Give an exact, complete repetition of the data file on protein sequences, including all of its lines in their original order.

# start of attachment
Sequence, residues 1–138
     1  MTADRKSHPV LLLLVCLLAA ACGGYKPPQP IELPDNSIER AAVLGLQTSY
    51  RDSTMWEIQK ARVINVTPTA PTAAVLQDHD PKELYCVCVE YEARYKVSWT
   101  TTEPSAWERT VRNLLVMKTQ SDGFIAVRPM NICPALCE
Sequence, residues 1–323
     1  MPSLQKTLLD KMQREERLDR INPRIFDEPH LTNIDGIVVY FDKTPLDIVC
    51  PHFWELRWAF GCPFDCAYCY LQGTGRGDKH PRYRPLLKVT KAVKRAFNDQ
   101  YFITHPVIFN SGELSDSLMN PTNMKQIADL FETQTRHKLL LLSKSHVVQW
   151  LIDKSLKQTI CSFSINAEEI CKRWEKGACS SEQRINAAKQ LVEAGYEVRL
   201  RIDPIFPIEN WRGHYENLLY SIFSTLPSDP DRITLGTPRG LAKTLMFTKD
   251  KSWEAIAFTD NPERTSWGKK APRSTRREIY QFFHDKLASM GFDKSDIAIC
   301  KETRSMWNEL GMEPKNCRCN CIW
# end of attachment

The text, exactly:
Sequence, residues 1–138
     1  MTADRKSHPV LLLLVCLLAA ACGGYKPPQP IELPDNSIER AAVLGLQTSY
    51  RDSTMWEIQK ARVINVTPTA PTAAVLQDHD PKELYCVCVE YEARYKVSWT
   101  TTEPSAWERT VRNLLVMKTQ SDGFIAVRPM NICPALCE
Sequence, residues 1–323
     1  MPSLQKTLLD KMQREERLDR INPRIFDEPH LTNIDGIVVY FDKTPLDIVC
    51  PHFWELRWAF GCPFDCAYCY LQGTGRGDKH PRYRPLLKVT KAVKRAFNDQ
   101  YFITHPVIFN SGELSDSLMN PTNMKQIADL FETQTRHKLL LLSKSHVVQW
   151  LIDKSLKQTI CSFSINAEEI CKRWEKGACS SEQRINAAKQ LVEAGYEVRL
   201  RIDPIFPIEN WRGHYENLLY SIFSTLPSDP DRITLGTPRG LAKTLMFTKD
   251  KSWEAIAFTD NPERTSWGKK APRSTRREIY QFFHDKLASM GFDKSDIAIC
   301  KETRSMWNEL GMEPKNCRCN CIW